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completely but more willing to hug the united states. and so efforts that had been made to reduce host nation support were abandoned. and so forth. it's in the paper and i hope you'll have a look at it. but what michishita and i thought would be particularly important was to change this -- this array slightly. it seemed to us that it would be useful to redimension the debate in china. that somehow finding the right distance not just from the united states but finding the right distance from china was something that was the most important strategic choice of facing japan today. getting it right, not just with the united states but getting it right with china as well was requiring -- would require both military and economic readjustments that we tried to -- we tried to get at. and we redimensioned a bit at
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the last third of the paper. and given the relative power shift that's taking place between the united states and china, the maintaining the distance with the united states while closing it with china seems to make grand strategic sense for japan. these policies and these efforts as we've already seen have not been particularly well coordinated, however. most u.s. and japanese policymakers -- the alliance managers continue to appreciate and elevate really the importance of the bilateral alliance at exactly the moment when china, as i said, has become a little more assertive diplomatically and that alliance drift was halted and then again after the 3/11 crises, it looks like the relationship was further reinforced. the jury is still out on what 3/11 will mean and that's what i'll spend the next year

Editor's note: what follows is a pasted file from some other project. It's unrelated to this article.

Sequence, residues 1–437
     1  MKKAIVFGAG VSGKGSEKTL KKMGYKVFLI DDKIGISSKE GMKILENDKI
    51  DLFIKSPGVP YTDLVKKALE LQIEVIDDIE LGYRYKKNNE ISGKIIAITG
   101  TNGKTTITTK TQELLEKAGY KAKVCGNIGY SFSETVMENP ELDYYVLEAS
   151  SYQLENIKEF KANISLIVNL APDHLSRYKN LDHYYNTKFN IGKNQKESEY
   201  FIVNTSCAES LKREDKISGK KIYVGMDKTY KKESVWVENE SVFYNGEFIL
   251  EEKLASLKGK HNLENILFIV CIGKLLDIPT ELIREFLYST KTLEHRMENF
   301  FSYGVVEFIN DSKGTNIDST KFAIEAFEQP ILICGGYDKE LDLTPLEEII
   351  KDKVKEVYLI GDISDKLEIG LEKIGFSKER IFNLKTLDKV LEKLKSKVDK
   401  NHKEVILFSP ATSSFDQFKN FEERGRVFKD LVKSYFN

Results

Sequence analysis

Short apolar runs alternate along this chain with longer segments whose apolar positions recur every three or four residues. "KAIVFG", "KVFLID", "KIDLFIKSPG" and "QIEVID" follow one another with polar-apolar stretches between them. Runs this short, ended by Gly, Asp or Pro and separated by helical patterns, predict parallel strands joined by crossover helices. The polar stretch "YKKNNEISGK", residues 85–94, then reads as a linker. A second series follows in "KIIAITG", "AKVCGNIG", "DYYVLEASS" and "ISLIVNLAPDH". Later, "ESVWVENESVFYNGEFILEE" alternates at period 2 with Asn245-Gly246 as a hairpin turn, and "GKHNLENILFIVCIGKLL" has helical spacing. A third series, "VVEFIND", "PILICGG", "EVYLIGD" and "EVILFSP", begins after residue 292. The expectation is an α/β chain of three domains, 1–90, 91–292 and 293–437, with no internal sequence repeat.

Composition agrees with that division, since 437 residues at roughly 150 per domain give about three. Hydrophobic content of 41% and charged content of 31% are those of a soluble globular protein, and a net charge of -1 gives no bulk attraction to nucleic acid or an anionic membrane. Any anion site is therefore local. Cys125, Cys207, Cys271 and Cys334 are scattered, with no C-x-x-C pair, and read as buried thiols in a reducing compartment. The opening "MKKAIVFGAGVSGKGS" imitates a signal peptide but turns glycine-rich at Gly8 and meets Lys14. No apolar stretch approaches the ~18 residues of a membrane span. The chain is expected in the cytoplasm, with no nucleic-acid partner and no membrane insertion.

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deciding when i'm in japan. this creates four spaces in a very active national security discourse. i'll just flick at each one of them and then i'll stop. but this -- these structural policies are in a revised model. some are familiar to us. if we look at the southwest again, as in the original model, there are those who distrust foreign entanglements. they are not just on the right. they're on the left as well. they prefer a japan that would acquire and sustain an independent military capability or if you're on the far left, no military capability at all. they see no reason to hedge their bets on the rise of china or on the decline, relative, of the united states. so in their view, japan should regain full sovereignty and provide for itself in a self-help world so it becomes a self-hedge in a way. we talk about internal
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balancing. this group, as i say pacifists as well as the preference for autonomy in japan is independent of a preference for the use of force. that's why we readjusted the model. second, there are those who in the northwest here who advocate a china/japan economic condominium. they prefer a strategy of what we call bandwagoning. bandwagoning economically with the chinese. they discount -- they're apt to discount china as a military threat. and they emphasize the benefits from a robust bilateral economic relationship. the main risk they face, of course, is betrayal by china but they discount that. they imagine that china will be a generally responsible stakeholder in regional stability and they don't want to miss the china bus. one hears that often from the group. the third group are balancers. these are the groups in the
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southeast. they're much more attentive to military threats from beijing, much less enamored with the benefits of economic cooperation with china. and if those who bandwagon would hedge by integrating with china economically, those who would balance china would hedge by balancing -- would hedge militarily. maintaining the robust relationship with the united states in the police chief that china is going to be more assertive and that that -- those assertions should be met with both containment and/or